Everywhere else today is just Tuesday, but here in New Orleans it is Mardi Gras. I’ve been out making new images this lovely day, but here is a look back on a few of my favorite images from Mardi Gras past. Happy Mardi Gras!
Music and Mardi Gras go hand in hand, so marching with the band is the best way to experience the St. Anne’s parade on Fat Tuesday. Starting from the Bywater neighborhood, bedazzled, costumed throngs dance to the beat as the parade meanders into the Marigny clogging up Frenchman street with revelry before tumbling into the French Quarter and dissipating into the streets.
The Pussyfooters is a marching club of bubble-gum bedecked ladies who dance and perform in multiple parades during Mardi Gras season. I don’t know how they do it, but I do know there is a port-a-potty involved and it looks like oodles of fun.
Policemen keep the crowds off of the parade route to make way for the annual Bacchusaurus float from the Krewe of Bacchus during their annual meander through Uptown. Streets become littered with uncaught beads and empty plastic sacks that held precious clutches of beads. At these parades you could almost stand still on the sidelines and still get covered in beads without much effort at all. Showing skin is certainly taboo during these family affairs. Children sit in makeshift benches affixed to the tops of ladders that families roll down to the parade route to establish a good spot to be able to collect beads. “Throw me something, mister!” is the call.
Men dressed as Skeletons take a break at the Backstreet Cultural Museum in the Treme neighborhood on Mardi Gras day. Early on Mardi Gras morning we’d pile into our friend Kristian’s suburban and troll the streets looking for the Skeletons in action, making a racket and bringing the city to life, threatening, “You next!” I still have yet to see them in action.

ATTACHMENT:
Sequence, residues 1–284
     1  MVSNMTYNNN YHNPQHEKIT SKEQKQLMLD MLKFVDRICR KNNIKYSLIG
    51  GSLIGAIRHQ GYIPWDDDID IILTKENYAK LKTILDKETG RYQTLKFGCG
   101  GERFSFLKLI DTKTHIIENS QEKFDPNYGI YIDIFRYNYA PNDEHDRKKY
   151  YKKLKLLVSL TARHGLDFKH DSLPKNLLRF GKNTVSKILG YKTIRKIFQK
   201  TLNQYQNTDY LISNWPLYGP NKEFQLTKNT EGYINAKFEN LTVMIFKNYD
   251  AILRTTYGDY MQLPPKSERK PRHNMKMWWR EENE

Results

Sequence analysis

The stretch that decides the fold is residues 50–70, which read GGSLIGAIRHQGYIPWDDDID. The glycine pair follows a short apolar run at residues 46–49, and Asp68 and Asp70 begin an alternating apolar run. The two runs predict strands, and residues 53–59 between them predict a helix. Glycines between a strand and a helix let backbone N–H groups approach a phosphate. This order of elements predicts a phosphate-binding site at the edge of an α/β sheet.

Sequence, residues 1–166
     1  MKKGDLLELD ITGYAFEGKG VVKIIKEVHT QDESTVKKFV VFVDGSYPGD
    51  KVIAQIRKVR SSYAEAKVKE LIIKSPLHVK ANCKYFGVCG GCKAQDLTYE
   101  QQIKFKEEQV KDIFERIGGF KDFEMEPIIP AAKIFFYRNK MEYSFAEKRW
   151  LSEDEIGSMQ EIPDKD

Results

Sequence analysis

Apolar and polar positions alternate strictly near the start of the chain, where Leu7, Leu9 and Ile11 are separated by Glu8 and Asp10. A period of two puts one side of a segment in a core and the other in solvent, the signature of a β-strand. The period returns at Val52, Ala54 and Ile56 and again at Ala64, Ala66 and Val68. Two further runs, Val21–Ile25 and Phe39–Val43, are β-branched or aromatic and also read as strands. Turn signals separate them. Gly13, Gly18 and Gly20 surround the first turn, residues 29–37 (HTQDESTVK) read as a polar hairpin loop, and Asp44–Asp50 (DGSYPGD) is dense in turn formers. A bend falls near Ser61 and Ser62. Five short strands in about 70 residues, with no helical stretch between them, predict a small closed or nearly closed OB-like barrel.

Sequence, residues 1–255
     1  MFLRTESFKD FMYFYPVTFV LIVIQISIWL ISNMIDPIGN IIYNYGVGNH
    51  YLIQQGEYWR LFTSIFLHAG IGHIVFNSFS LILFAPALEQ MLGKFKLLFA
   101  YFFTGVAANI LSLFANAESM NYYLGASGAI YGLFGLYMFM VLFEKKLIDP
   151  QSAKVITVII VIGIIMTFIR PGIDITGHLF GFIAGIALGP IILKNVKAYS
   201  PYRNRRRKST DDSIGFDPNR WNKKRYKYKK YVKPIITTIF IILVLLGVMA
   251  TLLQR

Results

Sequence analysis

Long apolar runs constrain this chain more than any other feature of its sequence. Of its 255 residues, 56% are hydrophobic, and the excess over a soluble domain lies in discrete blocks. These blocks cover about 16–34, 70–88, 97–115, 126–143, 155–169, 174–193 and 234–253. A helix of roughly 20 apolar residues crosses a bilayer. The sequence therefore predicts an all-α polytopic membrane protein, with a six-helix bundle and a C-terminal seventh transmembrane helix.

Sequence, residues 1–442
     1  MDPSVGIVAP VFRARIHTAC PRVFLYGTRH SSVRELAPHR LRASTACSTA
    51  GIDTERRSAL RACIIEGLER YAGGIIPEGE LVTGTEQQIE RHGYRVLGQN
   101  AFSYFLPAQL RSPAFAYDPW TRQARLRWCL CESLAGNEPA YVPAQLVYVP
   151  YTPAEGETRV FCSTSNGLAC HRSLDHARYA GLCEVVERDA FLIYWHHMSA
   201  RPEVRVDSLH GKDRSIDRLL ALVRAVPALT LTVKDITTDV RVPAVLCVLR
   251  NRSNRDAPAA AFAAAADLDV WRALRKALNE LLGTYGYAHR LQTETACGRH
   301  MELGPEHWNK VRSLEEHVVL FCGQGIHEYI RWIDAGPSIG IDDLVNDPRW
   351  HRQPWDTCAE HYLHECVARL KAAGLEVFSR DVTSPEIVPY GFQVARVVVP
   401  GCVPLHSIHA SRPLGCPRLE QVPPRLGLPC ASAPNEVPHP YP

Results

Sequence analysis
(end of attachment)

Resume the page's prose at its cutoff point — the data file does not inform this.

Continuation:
This is the single frame I took at the Ernie K-Doe Mother-in-Law Lounge on Mardi Gras morning 2009. My merry band arrived at the bar to have an early morning drink with Miss Antoinette before the day got into full swing, only to be greeted with the sad news of her passing. At the time I didn’t quite understand the significant of Antoinette K-Doe, the widow of Ernie K-Doe, the lounge’s namesake who still lived on at the lounge as a life-size, dressed-to-the-nines mannequin in the lounge. As we left the lounge in a somber mood it became clear what a presence Miss Antoinette was in the city as the local radio station, WWOZ, broadcast the news of her passing. I can’t say that I ever met her, but I won’t ever forget that morning.